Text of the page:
Sunday’s official announcement that telecom giant AT&T has offered to purchase the satellite television company DirecTV for nearly $50 billion—the latest in a series of high-profile industry “mega-mergers”—has spurred consumer advocates to demand lawmakers and regulators at the Federal Communications Commission strike down the deal.
“These companies don’t care about providing better services or even connecting more Americans. It’s about eliminating the last shred of competition in a communications sector that’s already dominated by too few players.” —Craig Aaron, Free Press
“FCC Chairman Tom Wheeler—who has stated his mantra is competition, competition, competition—has the power to block these wasteful and anti-competitive deals. And he should use it,” said Craig Aaron, president of Free Press, in a statement.
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But for critics, the merger speaks to the increasing consolidation of the nation’s media market at a time when the quality of services is going down while corporate profits are going up.
“AT&T’s takeover of DirecTV is just the latest attempt at consolidation in a marketplace where consumers are already saddled with lousy service and price hikes,” said the Consumers Union’s Delara Derakhshani in an emailed statement. “The rush is on for some of the biggest industry players to get even bigger, with consumers left on the losing end.”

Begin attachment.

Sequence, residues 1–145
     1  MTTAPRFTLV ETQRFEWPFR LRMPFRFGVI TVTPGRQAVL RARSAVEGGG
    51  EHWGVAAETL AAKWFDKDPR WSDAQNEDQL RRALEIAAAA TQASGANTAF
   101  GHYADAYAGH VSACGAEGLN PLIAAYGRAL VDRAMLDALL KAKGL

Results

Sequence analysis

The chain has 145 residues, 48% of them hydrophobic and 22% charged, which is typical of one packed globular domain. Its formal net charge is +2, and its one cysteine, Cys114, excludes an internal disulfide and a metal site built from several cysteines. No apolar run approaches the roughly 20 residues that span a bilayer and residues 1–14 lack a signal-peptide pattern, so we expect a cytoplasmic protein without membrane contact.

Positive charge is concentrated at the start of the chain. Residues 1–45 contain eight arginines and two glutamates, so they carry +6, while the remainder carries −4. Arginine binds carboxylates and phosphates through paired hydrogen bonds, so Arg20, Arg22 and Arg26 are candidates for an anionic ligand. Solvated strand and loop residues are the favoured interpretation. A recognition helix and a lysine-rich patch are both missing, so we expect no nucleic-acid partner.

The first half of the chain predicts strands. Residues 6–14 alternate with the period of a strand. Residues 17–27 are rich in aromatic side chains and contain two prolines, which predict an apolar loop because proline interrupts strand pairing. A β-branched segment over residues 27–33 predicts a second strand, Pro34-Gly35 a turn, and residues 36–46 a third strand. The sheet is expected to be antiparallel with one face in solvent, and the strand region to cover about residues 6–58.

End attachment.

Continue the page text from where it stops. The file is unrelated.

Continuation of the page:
And as Aaron adds, “These takeovers are expensive, and consumers end up footing the bill for merger mania. AT&T is paying $48.5 billion and taking on an additional $19 billion in debt to buy DirecTV. That’s a fortune to spend on a satellite-only company at a time when the pay-TV industry is stagnating and broadband is growing.
“For the amount of money and debt AT&T and Comcast are collectively shelling out for their respective mega-deals, they could deploy super-fast gigabit-fiber broadband service to every single home in America,” Aaron continued. “But these companies don’t care about providing better services or even connecting more Americans. It’s about eliminating the last shred of competition in a communications sector that’s already dominated by too few players.”
Last month, cable giant Comcast, the nation’s largest cable provider, announced its intention to purchase Time Warner Cable, the nation’s second-largest provider. That deal also received widespread condemnation from critics but is still making its way through the approval process.
And as Derakhshani points out, “You can’t justify AT&T buying DirecTV by pointing at Comcast’s grab for Time Warner, because neither one is a good deal for consumers.”
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